“I think that we are going to continue to attract people to it,” she says, “but I don’t see us ever getting back to having a board that has recruiting donors as part of their mandated work.”

“As much as we want to bring back the early days, you can’t,” Loeffler says. “Maybe a new solution has to come from a new generation; a new model perhaps.

“I’m not giving up at all. I will be there because I believe in the cause of the YW,” Loeffler says, referring to the club’s original idea that women have to help each other because most men aren’t going to.

“And that’s what I think. This body of women must all stand together.

“My optimism is that people will continue to see a great need in our community and a champion of some sort will come up with either a way to do Club 84 or the work of Club 84.”

If Lackner could restore Club 84 to its heyday with the power of her passion for YW’s work, it would be done.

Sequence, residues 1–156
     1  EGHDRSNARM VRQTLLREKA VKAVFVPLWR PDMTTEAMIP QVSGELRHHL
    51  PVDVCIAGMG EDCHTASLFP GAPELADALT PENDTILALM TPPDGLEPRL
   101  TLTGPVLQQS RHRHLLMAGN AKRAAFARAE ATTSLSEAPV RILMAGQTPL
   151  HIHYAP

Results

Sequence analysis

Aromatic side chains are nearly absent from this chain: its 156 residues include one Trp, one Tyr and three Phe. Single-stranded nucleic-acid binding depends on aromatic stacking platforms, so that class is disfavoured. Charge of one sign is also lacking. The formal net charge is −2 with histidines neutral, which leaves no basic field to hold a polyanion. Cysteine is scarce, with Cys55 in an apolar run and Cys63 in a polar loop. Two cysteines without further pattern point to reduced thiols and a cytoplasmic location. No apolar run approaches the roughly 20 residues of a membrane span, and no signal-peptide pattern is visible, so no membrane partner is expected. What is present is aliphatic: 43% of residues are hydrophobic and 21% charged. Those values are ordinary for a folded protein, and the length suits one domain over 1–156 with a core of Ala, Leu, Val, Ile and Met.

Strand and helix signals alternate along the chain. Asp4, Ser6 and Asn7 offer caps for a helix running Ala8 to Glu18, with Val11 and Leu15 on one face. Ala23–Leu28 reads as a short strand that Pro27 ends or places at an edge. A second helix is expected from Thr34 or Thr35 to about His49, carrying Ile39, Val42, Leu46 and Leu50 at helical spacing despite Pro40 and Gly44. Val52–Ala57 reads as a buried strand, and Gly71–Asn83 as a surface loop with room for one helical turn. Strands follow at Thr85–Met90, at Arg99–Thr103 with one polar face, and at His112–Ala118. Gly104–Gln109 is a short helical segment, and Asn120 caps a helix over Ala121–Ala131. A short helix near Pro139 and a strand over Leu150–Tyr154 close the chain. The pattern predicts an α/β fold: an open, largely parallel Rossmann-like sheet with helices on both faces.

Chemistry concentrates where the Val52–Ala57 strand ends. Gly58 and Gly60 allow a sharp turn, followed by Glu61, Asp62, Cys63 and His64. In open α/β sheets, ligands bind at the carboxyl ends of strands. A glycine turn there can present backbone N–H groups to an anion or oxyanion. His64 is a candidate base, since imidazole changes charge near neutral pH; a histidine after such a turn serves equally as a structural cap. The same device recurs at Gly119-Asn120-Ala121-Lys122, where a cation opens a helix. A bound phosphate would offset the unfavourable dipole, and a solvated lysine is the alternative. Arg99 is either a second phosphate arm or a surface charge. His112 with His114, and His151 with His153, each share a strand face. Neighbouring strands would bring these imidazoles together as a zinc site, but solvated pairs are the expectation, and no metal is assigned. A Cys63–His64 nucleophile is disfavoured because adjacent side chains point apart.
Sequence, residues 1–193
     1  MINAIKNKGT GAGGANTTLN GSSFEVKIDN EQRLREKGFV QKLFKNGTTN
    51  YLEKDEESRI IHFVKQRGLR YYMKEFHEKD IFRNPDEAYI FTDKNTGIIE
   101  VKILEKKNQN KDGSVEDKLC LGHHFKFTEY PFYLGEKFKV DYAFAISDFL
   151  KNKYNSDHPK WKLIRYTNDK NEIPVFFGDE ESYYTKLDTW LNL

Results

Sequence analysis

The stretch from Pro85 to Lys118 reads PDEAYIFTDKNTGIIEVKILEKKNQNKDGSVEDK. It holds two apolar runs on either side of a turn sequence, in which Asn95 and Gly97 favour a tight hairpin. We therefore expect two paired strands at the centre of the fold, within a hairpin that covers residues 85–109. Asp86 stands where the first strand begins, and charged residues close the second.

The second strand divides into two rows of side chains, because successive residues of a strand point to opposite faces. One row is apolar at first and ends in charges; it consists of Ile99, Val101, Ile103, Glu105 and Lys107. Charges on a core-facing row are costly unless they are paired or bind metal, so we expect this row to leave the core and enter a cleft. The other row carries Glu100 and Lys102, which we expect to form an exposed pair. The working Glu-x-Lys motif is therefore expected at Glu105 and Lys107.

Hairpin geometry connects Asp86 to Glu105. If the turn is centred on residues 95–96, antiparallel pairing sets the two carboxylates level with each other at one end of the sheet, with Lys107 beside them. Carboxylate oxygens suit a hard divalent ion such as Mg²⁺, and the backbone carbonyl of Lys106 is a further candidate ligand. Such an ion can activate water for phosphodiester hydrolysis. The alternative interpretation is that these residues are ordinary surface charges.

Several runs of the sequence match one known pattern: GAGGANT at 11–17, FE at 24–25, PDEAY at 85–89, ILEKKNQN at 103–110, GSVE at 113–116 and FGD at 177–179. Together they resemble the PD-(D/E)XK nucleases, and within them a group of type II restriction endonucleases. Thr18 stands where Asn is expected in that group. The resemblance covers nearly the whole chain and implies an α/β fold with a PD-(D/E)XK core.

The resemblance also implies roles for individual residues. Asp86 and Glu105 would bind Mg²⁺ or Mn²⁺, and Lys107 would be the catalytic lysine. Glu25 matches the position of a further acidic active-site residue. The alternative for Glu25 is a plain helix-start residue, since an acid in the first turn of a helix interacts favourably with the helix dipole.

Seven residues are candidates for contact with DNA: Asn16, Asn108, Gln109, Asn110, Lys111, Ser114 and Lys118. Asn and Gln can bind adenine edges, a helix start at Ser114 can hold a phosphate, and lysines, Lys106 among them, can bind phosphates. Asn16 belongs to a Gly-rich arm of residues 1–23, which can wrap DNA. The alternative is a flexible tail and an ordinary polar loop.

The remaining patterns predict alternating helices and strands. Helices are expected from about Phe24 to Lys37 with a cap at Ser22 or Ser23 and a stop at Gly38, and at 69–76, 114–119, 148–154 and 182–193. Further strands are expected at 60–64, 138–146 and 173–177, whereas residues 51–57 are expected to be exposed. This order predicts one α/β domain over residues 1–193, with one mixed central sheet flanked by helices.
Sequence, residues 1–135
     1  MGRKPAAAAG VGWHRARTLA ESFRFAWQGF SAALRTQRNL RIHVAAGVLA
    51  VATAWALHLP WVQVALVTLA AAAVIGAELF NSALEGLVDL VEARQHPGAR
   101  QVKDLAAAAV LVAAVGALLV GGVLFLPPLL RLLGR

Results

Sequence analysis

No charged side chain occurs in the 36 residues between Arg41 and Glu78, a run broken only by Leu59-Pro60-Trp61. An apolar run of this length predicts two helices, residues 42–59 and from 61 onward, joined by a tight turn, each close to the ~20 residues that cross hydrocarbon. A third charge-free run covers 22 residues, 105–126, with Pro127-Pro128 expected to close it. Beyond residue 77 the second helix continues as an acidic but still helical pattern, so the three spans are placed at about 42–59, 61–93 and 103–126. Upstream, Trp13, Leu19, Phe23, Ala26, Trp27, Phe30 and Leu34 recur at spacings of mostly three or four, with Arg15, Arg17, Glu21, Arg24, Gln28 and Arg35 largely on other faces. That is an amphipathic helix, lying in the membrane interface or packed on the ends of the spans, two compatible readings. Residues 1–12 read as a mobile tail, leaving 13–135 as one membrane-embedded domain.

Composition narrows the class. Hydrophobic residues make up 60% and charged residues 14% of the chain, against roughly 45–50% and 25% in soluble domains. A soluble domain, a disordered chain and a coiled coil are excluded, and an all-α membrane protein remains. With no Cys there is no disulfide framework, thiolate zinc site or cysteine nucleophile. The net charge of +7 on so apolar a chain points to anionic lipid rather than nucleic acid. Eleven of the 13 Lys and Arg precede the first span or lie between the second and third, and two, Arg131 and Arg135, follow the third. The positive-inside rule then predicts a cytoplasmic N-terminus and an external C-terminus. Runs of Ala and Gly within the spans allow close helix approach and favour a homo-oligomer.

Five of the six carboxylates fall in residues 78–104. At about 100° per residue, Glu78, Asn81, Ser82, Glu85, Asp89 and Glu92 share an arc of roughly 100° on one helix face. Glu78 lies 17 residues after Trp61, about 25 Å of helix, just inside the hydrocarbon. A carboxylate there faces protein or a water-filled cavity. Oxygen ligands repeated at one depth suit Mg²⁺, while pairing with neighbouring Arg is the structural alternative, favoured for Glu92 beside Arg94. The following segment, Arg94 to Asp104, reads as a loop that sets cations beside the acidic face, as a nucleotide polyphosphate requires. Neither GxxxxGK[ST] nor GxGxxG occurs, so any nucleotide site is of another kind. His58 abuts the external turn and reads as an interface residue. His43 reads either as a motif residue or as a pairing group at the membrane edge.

Lackner, an articulate, gracious and determined woman, was inspired to join the YW’s board in 1974 and later to form Club 84 by the memory of her father, Sid McLennan, and of A.R. Kaufman, a wealthy industrialist and philanthropist.

She’s also keenly aware of her own fortunate circumstances, so different from those of the women she’s helping.

“I got out of my little fish bowl,” says Lackner, a retired teacher. “Ever since I went to the YW, I realized there was an enormous amount of pain and suffering.” She’s especially glad to be able to help children.

Her father, a new immigrant from England in the 1920s, left home at age 15 to live at the YMCA at the corner of Queen and Weber streets in downtown Kitchener until he was 23. He taught swimming and basketball and helped in the kitchen in exchange for board. Later, when the Second World War broke out, Lackner’s father worked with Canadian soldiers at the YMCA.

“He left my mom and I during the war years to be director of physical health and education for the YMCA to provide services” that prepared Canadian soldiers for deployment, Lackner says. “He was virtually gone.”

While her father was busy training soldiers, Kaufman – “Mr. YMCA” – helped move her mother, Heather and her little sister to a duplex he owned, Lackner says. When the family grew to four children, he found them a larger house near Victoria Park.